Ateneo De Naga high school 1980

Those who do not remember history are bound to live through it again.

Thursday, March 17, 2011

Ramon Magsaysay's integrity and legacy

March 17, 2011

Last night while I was checking the Philippine news on the internet, the date marked on the news caught my attention—March 17th. I started wondering why this date seemed to ring a soft bell in my brain. Then I remembered back in December 18, 2010 when I started scribbling notes for an article that I wanted to write. The subject that I selected then for my article was the former Philippine President Ramon Magsaysay. When I checked the date of his death in my notes, I was surprised to discover that it was March 17, 1957.

I have read about Pres. Magsaysay’s life ever since I was an elementary student. I remember back in high school, I used to go to the Ateneo De Naga library Filipiniana section and read old newspaper clippings about his life and achievements as a politician. There was also a comic booklet that told about his life. Though some of the sections in the comics were not accurate, most of the stories pictured a man who is honest and was dedicating his life to serve the Filipino people in the most honest way.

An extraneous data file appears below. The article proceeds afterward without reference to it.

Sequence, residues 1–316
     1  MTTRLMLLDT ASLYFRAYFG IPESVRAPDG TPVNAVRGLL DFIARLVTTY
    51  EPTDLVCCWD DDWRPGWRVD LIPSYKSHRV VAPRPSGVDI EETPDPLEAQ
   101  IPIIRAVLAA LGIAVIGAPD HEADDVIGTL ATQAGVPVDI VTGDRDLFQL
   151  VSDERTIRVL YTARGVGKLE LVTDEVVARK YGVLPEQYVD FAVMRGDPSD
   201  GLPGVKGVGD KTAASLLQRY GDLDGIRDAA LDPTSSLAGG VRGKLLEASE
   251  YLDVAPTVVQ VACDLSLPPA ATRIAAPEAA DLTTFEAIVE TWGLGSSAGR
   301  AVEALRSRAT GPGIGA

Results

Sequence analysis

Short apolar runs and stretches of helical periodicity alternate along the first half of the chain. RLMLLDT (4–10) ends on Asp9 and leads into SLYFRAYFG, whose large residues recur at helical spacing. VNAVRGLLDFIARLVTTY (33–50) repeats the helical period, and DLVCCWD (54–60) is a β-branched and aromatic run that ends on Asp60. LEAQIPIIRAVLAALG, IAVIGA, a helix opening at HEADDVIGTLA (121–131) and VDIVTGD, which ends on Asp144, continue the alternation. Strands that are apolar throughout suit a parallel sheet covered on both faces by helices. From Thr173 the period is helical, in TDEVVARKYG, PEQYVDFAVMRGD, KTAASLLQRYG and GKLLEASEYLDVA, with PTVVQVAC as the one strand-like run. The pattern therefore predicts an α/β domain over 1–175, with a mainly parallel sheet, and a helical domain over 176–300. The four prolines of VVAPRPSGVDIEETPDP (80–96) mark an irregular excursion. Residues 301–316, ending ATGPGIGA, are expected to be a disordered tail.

I do not want to write about the whole life of Pres. Magsaysay because it would take me many weeks or even months to do that. To avoid ending up with a book-length article, I decided to just feature some interesting facts about the late president and also devote the ending part of the article narrating the events that led to the tragic plane crash which took the life of President Magsaysay.